Greek lawmakers voted early Friday to investigate former finance minister George Papaconstantinou over his handling of data on Greeks with Swiss bank accounts and whether he amended the list to remove three of his relatives.
The lawmakers voted in a marathon 16-hour Parliament session by 265 votes in favor and six against. With the three-party coalition government backing the call for an investigation, the motion had been all but assured to pass.
Two proposals by opposition parties for broader investigations failed. One had been to launch probes into the handling of the data by former finance minister Evangelos Venizelos, who currently heads one of the coalition parties, and the other expand the investigation to two former prime ministers.
French authorities gave the list of names to Athens in 2010 as Greece's economy was imploding. But Greek authorities failed to investigate the data for potential tax evasion, sparking outrage at a time of severe salary and pension cuts, and spiraling unemployment.
Papaconstantinou insists he did not amend the list and contended during the Parliamentary debate that he was the target of a vicious smear campaign.
"I did not tamper with the data. It is inconceivable that I would have acted in such a way that would so blatantly involve me," he said. The three relatives who were found missing from the list have since given evidence to authorities that the funds in the Swiss accounts were legal and taxed, he noted.
The list of about 2,000 Greeks with bank accounts in Switzerland is part of data on 24,000 HSBC customers allegedly stolen from the bank by an employee.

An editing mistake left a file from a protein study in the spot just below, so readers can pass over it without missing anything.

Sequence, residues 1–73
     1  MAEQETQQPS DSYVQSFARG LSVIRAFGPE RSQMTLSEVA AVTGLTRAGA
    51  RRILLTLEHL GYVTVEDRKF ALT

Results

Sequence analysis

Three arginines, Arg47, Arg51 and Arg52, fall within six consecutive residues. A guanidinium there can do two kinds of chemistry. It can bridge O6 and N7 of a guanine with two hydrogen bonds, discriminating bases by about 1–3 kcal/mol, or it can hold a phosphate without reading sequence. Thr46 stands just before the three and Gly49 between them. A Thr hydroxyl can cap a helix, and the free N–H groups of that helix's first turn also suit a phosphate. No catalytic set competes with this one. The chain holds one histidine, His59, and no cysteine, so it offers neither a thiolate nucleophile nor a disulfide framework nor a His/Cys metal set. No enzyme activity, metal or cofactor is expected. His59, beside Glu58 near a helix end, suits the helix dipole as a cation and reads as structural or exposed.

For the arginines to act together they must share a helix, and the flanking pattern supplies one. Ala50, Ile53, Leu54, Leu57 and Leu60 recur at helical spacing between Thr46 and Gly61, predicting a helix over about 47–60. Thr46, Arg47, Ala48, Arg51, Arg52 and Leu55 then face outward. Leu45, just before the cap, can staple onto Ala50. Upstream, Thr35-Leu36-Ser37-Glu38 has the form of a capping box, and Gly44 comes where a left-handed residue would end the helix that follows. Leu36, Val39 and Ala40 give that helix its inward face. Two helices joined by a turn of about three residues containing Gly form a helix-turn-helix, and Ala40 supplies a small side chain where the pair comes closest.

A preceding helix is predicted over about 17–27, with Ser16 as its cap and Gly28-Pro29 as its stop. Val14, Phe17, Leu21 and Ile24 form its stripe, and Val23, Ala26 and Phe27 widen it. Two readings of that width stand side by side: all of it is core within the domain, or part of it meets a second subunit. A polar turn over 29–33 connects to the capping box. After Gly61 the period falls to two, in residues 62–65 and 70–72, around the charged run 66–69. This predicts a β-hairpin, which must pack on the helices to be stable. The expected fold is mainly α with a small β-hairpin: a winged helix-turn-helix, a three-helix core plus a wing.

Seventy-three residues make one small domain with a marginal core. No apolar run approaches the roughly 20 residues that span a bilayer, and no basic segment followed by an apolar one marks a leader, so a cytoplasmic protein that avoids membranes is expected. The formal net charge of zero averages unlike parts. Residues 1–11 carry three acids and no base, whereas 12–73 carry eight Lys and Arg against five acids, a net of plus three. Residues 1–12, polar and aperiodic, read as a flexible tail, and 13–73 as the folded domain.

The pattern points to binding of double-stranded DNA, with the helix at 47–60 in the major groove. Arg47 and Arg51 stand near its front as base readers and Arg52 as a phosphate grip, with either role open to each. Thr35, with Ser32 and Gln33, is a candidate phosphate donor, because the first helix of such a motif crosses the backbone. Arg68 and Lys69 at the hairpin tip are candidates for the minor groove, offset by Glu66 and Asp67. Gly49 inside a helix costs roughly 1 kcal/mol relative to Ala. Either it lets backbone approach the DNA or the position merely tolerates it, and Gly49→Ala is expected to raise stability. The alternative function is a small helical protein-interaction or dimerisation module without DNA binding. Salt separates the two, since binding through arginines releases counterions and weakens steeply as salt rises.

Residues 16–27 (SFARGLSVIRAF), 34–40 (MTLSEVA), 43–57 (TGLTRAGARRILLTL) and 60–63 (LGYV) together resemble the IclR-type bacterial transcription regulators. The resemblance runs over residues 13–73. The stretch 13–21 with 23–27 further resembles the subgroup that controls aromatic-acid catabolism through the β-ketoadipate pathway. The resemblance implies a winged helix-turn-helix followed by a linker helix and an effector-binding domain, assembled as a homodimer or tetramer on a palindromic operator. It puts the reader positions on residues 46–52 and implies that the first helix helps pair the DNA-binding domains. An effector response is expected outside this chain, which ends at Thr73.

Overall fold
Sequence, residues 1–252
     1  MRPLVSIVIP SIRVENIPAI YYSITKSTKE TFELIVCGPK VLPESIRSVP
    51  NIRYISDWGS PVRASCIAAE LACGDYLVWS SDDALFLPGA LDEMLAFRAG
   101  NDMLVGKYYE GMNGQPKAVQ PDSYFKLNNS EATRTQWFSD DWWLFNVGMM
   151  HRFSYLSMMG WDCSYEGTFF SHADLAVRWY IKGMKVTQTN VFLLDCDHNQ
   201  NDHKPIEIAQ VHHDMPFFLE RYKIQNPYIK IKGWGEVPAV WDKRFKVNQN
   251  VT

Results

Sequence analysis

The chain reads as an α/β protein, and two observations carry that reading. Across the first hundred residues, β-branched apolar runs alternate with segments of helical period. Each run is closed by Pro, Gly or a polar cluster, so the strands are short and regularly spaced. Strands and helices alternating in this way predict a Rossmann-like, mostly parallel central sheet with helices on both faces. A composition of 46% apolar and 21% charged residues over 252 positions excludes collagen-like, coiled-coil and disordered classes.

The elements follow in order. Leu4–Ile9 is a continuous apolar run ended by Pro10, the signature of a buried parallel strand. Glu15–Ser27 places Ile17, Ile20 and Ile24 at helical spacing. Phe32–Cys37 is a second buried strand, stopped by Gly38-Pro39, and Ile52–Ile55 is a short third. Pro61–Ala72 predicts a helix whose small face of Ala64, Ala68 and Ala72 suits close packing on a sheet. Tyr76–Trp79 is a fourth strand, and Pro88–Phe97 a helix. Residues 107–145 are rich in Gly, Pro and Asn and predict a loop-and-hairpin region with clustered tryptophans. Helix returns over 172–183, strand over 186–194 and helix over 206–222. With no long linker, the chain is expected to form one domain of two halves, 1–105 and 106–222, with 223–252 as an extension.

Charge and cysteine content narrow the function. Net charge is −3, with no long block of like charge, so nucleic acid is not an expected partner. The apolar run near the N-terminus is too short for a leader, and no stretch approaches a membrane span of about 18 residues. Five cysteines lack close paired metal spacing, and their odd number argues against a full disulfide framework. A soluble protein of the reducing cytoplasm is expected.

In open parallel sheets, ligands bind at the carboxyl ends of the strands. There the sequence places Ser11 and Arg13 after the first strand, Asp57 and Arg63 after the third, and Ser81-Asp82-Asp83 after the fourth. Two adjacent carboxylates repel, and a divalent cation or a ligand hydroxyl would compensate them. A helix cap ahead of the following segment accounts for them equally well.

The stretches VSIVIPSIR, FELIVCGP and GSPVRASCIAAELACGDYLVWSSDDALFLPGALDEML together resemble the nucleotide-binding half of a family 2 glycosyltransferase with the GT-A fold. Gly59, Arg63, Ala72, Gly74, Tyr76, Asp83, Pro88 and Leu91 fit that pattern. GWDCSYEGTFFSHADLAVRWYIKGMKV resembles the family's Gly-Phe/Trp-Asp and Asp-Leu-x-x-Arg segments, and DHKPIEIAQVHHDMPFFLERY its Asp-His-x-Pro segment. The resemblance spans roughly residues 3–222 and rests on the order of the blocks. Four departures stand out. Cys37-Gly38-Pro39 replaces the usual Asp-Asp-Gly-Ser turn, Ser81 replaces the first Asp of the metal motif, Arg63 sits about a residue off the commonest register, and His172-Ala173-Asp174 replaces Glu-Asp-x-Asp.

After about two years of inaction, the list emerged into the public eye again late last year when it was leaked to a magazine publisher, who printed the names.
Greek authorities requested a new copy from France for fear their version had been doctored, and when it arrived it emerged that three of Papaconstantinou's relatives had been removed.
Papaconstantinou acknowledged the list should have been better handled, but insisted this was not a matter for a criminal investigation.
"Clearly the political responsibility is fully my own and it is clear that the issue should have been handled better," he said. "But it is unfortunate that my mishandling of this issue can be used an excuse for this process."
Parliament's investigative committee is to meet next week and will officially be given 30 days to come up with their findings. An extension to that deadline could also be granted.
The case over the data, dubbed the 'Lagarde List' after the French finance minister of the time, Christine Lagarde, has riveted Greeks for weeks. The issue has expanded to involve two former heads of the financial crimes squad, who have appeared before prosecutors as suspects to explain their handling of the data and whether copies were made from one memory stick to another.